by R Acharya · Cited by 2 — Programme Coordinator of ACAP, Mr. Navraj Chanpagain, GIS officer of ACAP, Carol Inskipp,. Chairperson, Nepal Rare Birds Committee, Rajendra Narsingh Suwal,

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MONITORING OF THE CHEER PHEASANT Catreus wallicJlii IN LOWER KALIGADAKI VALLEY, MUSTANG, NEPAL Report Submitted By Raju Acharya (Sharma) Suresh Thapa Yadav Ghimirey (June, 2006) Report submitted to King Mahendra Trust for Nature Conservation, Annapurna Conservation Area Project, Nepal Unit Conservation Office, Jomsom

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Abstract The first systematic study of Cheer Pheasant Catreus wallichii in Kaligandaki valley was done in 2004 by allocating seven calling pOints. Out of seven, five were located randomly with the help of multistage sampling and rest of two were located purposely. This Monitoring programme was succeeding part of protocol design for the Cheer Pheasant in the same area of Kaligandaki valley. This monitoring programme was done to check the status of Cheer Pheasant by comparing with the status of 2004. Monitoring programme was carried out from 12th May to 2nd June of 2006. Maximum of 11 calls (calling sites) were heard in the study area. Altogether 7 birds were directly observed in Pudhar Kharka only. Total mean call of the study area was found 7 birds, using the factor derived by Young et al. (1987), the total number of breeding population (pairs) was estimated to be 5.25 in the study area. Potential area for the Cheer Pheasant in the study site is about 22.16 km2, if we extrapolate; it gives the 59 breeding birds. Altogether 59 breeding population of Cheer Pheasant found within the total potential area of three Village Development committees. Based on the descriptive analysis, the mean population density of the species in the study area was estimated to be 2.65 breeding birds! km2 and the mean population density at 95% confidence limit ranges between 0.92 to 4.39 breeding bird! km2 (by applying the correction factor). With the help of potential habitat, we extrapolated the total population size of the species in the valley (covers three village development committees of Kaligandaki valley) to be 20 to 97 breeding birds (pairs) by applying correction factor. Two surveys (2004 and 2006) though showed a marginal decline, is statistically insignificant (Wilcoxcon Signed Rank Test, Z = 0.5416, N = 13, W= 16, ow= ±28.62, \Jw=O at 95% confidence limit), suggesting that Cheer population continue to survive in good status in this area. Surveys covering all Cheer habitats, regular population and ecological monitoring, study on grazing and burning impact, and raising conservation awareness among stakeholders are recommended.

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Monitoring of Cheer Pheasant in Kaligandaki Valley, Nepal, 2006 (For academic purposes preferred citation is: Achatya, R.S., Thapa, S. and Ghimirey, Y. 2006. Monitoring of the Cheer Pheasant in Lower Kaligandaki Valley, Mustang, Nepal. Final report submitted to King Mahelldra Trust for Nature Conservation’s Annapurna Conservation Area Project) 4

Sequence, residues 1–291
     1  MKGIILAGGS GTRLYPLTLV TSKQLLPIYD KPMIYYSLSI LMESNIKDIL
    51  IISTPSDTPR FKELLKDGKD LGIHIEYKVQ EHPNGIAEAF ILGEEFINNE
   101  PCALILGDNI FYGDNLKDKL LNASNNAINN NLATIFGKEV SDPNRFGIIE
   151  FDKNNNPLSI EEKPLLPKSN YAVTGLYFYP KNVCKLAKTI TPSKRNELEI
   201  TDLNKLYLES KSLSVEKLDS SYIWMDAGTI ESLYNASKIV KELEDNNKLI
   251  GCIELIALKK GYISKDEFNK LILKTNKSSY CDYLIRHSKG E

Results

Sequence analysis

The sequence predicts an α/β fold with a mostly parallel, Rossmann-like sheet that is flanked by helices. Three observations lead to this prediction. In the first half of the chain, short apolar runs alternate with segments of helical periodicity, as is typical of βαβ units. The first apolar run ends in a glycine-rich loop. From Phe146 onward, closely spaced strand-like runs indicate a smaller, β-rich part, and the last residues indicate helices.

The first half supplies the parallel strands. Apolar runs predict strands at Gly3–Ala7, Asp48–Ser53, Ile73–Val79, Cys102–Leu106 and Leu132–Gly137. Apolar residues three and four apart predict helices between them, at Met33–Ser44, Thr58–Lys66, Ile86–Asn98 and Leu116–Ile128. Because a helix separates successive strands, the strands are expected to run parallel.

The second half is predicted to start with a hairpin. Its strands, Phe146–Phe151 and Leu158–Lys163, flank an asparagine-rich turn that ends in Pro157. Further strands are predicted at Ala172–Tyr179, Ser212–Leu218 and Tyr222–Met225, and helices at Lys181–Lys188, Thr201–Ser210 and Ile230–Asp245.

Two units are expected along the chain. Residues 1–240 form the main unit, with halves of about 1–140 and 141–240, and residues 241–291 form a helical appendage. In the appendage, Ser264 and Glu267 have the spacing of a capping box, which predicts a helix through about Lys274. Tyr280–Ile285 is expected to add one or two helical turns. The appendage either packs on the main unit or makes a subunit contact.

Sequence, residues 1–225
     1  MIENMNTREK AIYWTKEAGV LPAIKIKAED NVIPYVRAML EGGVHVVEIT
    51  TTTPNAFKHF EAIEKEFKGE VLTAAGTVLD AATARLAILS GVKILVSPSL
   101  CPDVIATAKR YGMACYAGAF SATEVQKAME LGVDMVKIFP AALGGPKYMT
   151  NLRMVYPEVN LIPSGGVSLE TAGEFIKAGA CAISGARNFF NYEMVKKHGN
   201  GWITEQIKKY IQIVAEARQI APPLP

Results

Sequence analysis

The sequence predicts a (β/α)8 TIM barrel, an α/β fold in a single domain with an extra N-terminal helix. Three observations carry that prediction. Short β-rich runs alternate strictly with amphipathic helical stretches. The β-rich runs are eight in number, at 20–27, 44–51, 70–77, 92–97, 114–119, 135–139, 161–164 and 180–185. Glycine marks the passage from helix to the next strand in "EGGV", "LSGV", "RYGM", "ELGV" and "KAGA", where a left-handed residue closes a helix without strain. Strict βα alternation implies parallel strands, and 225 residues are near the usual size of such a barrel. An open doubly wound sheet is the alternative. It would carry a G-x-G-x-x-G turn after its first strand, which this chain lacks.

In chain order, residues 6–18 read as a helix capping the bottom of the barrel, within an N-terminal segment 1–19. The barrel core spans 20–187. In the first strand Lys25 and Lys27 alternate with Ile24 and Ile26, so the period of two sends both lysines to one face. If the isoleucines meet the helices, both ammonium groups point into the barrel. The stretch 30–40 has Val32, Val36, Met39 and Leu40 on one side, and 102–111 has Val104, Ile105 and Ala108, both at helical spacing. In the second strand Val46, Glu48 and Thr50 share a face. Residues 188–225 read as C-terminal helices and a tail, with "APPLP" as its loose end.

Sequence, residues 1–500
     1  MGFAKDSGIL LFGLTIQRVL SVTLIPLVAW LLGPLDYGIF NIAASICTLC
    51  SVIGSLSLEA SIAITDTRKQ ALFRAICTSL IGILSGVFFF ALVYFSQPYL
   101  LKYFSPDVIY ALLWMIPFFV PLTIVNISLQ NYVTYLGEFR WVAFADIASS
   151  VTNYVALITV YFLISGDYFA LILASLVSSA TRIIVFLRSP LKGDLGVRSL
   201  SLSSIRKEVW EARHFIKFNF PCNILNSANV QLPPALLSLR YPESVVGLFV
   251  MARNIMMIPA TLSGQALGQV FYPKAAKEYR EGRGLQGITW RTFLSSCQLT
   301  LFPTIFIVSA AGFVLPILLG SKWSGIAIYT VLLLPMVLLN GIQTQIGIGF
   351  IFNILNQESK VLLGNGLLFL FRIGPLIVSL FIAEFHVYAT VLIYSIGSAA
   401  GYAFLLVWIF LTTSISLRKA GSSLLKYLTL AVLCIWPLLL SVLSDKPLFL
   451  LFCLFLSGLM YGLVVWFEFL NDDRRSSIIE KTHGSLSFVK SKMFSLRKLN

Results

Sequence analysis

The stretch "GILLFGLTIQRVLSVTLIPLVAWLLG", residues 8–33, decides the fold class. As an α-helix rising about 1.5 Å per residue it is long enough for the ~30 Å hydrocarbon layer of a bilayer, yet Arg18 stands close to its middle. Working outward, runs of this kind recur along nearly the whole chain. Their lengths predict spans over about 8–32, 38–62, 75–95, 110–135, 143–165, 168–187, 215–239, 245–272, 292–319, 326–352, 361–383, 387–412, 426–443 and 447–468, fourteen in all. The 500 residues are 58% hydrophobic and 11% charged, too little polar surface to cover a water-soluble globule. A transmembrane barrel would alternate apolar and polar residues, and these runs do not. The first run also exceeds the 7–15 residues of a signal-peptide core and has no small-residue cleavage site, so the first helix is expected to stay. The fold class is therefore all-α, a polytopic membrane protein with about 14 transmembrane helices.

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Monitoring of Cheer Pheasant in KaIigandaki Valley, Nepal, 2006 Acknowledgements This study was almost impossible without financial support from King Mahendra Trust for Nature Conservation’s Annapuma Conservation Area Project. Therefore, we are most grateful to Mr. Kirti Paudel Project Coordinator of ACAP and Lizan Kumar Maskey, Programme Officer of ACAP for providing grants and logistic support for the entire study period. Same appreciation goes to Manish Raj Pandey , officer in charge of ACAP Jomsom. We would like to thank Dr. Siddhartha Bajra Bajracharya of KMTNC, Roshan Sherchan former Programme Coordinator of ACAP, Mr. Navraj Chanpagain, GIS officer of ACAP, Carol Inskipp, Chairperson, Nepal Rare Birds Committee, Rajendra Narsingh Suwal, Director of Lumbini Crane Sanctuary, Dr. Peter J. Garson, School of Biology, King George VI building, University of Newcastle, Newcastle, Dr. Hem Sagar Baral, Bird Conservation Nepal, Nabin Baral and all the staff of ACAP Jomsom for their endless cooperation and suggestion for the completion of study in the area and during the reporting period. We would like to thank Shanta Thakali , owner of Hotel Himalayan of Larjung, Kobhang for her support during the study period and all the people of lower Kaligandaki valley who supported us during the entire study period. Last but not least, we would like to thank Friends of Nature for their encouragement to complete the study. 5

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Monitoring of Cheer Pheasant in KaIigandaki Valley, Nepal, 2006 1.0 BACKGROUND AND JUSTIFICATION .. 7 2.0 STUDY AREA 7 3.0 STUDY SPECIES . 8 4.0 OBJECTIVES .. 9 5.0 METHODOLOGY 9 6.0 DATA ANALYSIS 10 6.1 Breeding Population Estimation (BPE) 10 6.2 Descriptive Statistics . 10 6.3 Mean population density . 10 7.0 RESULT AND DISCUSSION . 11 7.1 Breeding population based on Young et al. 1987 . 11 7.2 Descriptive analysis 12 7.2.1 Density and population estimation 12 7.3 Nest description 12 7.4 Sightings of Cheer Pheasants 12 7.5 Vegetation survey 13 7.6 Comparison of observation 13 7.7 Habitat assessment . 14 8.0 RECOMMENDATIONS . 15 8.1 Regular monitoring 15 8.2 Demarcation of potential Cheers habitat.. .. 15 8.3 Promotion of bird tourism .. 15 8.4 Impact study of Cheer and Crane Conservation Committees .. 15 References .. 16 Cheer monitoring programme in snaps 17 6